Bulla gouldiana period exhibits unique regulation at the mRNA and protein levels

Cara M. Constance, Carla B. Green, Hajime Tei, Gene D. Block

Research output: Contribution to journalArticle

12 Scopus citations

Abstract

The authors cloned the period (per) gene from the marine mollusk Bulla gouldiana, a well-characterized circadian model system. This allowed them to examine the characteristics of the per gene in a new phylum, and to make comparisons with the conserved PER domains previously characterized in insects and vertebrates. Only one copy of the per gene is present in the Bulla genome, and it is most similar to PER in two insects: the cockroach, Periplaneta americana, and silkmoth, Antheraea pernyi. Comparison with Drosophila PER (dPER) and murine PER 1 (mPER1) sequence reveals that there is greater sequence homology between Bulla PER (bPER) and dPER in the regions of dPER shown to be important to heterodimerization between dPER and Drosophila timeless. Although the structure suggests conservation between dPER and bPER, expression patterns differ. In all cells and tissues examined that are peripheral to the clock neurons in Bulla, bPer mRNA and protein are expressed constitutively in light:dark (LD) cycles. In the identified clock neurons, the basal retinal neurons (BRNs), a rhythm in bPer expression could be detected in LD cycles with a peak at zeitgeber time (ZT) 5 and trough expression at ZT 13. This temporal profile of expression more closely resembles that of mPER1 than that of dPER. bPer rhythms in the BRNs were not detected in continuous darkness. These analyses suggest that clock genes may be uniquely regulated in different circadian systems, but lead to similar control of rhythms at the cellular, tissue, and organismal levels.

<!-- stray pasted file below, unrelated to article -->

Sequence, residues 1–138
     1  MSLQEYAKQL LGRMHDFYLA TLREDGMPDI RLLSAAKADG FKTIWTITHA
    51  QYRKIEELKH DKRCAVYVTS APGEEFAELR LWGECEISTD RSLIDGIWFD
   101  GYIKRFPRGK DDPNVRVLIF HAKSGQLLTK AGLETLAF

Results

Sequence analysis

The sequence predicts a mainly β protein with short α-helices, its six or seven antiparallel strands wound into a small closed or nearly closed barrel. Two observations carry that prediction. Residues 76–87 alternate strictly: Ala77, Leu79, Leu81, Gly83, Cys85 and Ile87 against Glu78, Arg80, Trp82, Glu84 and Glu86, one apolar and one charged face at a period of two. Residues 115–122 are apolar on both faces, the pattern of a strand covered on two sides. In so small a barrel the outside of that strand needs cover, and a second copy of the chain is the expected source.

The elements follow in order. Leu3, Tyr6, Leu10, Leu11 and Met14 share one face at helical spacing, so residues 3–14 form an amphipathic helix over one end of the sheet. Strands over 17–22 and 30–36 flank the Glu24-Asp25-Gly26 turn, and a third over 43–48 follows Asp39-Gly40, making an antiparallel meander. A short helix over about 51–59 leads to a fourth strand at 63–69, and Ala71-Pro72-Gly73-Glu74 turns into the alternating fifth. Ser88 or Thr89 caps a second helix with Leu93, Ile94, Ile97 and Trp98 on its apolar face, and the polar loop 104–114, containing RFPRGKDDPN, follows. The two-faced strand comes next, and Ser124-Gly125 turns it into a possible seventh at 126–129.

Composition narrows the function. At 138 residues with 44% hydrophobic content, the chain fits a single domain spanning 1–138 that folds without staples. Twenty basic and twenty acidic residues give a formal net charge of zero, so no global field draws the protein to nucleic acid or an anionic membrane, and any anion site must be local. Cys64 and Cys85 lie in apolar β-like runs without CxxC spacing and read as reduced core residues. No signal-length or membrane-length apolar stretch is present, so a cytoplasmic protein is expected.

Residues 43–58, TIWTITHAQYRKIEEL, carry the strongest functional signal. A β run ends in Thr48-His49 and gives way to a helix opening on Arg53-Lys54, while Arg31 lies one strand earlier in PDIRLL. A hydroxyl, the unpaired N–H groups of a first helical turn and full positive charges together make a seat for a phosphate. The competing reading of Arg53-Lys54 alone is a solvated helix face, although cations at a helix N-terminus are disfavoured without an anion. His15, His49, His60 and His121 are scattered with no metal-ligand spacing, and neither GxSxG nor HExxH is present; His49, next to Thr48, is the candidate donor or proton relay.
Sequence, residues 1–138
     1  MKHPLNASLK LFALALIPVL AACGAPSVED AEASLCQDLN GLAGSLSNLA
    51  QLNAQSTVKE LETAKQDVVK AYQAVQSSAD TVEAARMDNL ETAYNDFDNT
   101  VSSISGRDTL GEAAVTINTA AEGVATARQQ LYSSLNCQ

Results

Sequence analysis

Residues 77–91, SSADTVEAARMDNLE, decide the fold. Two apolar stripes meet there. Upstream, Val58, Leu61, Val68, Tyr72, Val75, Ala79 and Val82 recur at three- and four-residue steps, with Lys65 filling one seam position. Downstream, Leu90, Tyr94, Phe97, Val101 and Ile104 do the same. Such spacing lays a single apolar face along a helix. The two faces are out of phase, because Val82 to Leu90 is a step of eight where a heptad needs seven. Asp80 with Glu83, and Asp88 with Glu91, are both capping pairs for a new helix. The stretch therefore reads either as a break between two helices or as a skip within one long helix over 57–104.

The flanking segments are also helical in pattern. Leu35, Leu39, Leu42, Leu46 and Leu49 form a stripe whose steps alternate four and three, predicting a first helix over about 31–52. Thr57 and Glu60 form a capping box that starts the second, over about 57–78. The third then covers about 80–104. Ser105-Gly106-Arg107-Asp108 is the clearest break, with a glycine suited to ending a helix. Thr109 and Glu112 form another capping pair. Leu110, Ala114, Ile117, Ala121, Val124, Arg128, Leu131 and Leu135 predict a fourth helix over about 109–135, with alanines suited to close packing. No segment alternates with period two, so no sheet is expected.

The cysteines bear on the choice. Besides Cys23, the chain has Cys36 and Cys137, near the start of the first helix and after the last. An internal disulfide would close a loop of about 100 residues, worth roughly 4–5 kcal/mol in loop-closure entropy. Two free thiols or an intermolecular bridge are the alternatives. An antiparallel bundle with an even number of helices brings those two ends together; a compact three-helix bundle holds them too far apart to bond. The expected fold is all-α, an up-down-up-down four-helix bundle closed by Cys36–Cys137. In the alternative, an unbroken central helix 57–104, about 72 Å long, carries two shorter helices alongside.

Original languageEnglish (US)
Pages (from-to)413-427
Number of pages15
JournalJournal of Biological Rhythms
Volume17
Issue number5
DOIs
StatePublished - Oct 1 2002

Keywords

  • Circadian rhythm
  • Clock
  • Mollusk
  • Retina

ASJC Scopus subject areas

  • Physiology
  • Physiology (medical)

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